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Nestlé frozen pizzas and snacks are about to get healthier

June 2, 2015, 5:35 PM UTC
nestle salt artificial flavors
Nestle Hot Pockets
Photograph by Dorann Weber — Moment Editorial/Getty Images

The war on big food rages on.

Nestlé USA said today it would remove artificial flavors and cut salt by 10% from 2013 levels in its frozen pizza and snack brands by the end of 2015.

The initiative will affect more than 250 products across Nestlé’s DiGiorno, Tombstone, California Pizza Kitchen, Jack’s, Hot Pockets, and Lean Pockets brands.

The move is just the latest in a string of announcements from packaged-food companies that they plan to ditch ingredients that consumers increasingly say they don’t want.

Within the past few months, Kraft (KRFT) announced it would remove synthetic colors and artificial preservatives from its iconic mac and cheese; Tyson (TSN) has said it is eliminating the use of human antibiotics in its chickens raised for meat; General Mills (GIS) has cut sugar by 25% in its Yoplait yogurt; and Hershey (HSY) has said it will move to “simple, easy-to-understand ingredients” across its entire portfolio.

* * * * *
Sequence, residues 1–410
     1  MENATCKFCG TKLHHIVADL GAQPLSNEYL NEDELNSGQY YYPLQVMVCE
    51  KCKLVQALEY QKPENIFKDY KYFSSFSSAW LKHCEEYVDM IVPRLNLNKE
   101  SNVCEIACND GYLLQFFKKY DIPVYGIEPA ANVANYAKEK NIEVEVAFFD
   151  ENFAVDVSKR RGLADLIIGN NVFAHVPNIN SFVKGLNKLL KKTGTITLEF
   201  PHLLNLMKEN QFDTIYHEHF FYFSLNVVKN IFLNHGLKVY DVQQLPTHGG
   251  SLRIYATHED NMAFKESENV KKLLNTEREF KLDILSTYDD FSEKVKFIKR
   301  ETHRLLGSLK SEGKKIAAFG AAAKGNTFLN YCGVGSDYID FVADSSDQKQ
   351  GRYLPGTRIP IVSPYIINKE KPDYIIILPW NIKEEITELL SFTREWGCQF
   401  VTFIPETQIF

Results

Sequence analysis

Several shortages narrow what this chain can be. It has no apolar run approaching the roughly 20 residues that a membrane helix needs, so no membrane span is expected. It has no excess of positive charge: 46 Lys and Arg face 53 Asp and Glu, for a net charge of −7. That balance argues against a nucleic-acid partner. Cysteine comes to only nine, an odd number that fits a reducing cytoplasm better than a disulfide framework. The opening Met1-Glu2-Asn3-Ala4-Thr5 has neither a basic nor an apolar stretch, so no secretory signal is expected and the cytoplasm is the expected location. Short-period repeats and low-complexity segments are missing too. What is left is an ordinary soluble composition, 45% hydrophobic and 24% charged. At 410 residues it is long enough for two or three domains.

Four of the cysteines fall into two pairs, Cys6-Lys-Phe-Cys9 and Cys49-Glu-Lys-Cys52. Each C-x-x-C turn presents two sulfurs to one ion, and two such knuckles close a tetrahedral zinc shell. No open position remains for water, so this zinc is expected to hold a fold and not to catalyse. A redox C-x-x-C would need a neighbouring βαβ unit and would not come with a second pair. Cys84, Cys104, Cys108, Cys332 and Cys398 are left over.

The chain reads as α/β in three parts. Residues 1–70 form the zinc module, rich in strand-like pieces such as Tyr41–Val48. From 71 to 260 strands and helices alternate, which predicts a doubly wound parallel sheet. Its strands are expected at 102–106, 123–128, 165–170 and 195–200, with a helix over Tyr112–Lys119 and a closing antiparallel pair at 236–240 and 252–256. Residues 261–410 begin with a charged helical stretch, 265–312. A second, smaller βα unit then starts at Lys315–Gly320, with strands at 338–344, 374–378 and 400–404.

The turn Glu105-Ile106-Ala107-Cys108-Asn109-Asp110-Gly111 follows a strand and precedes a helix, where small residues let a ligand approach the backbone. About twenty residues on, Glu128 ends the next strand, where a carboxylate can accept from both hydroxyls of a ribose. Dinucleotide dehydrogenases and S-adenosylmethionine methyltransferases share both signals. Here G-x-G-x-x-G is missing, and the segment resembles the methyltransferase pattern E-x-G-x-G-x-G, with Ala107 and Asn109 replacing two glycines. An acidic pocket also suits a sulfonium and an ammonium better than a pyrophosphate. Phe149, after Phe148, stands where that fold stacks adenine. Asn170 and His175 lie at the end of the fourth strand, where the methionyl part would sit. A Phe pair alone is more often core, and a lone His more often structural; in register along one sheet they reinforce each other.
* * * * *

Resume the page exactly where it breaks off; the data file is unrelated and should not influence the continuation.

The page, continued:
Nestlé’s U.S. operation has also made similar announcements in other product lines. In February, management said it would remove artificial flavors and colors from all of its chocolate and candy products, such as Butterfinger and Baby Ruth, by the end of 2015.

As Fortune detailed in June’s cover story on the “War on Big Food,” legacy food companies are trying to remake themselves in response to society’s changing definitions of health. While cutting fat and calories once placated consumers focused on wellness, shoppers are now demanding companies cut ingredients that they don’t understand as they push for simpler and “clean” labels.

The change has led to the rise of smaller, natural food brands and the growth of organic food sales, which have more than tripled over the past decade. Meanwhile, the top 25 U.S. food companies have lost the equivalent of $18 billion in market share since 2009, according to Credit Suisse.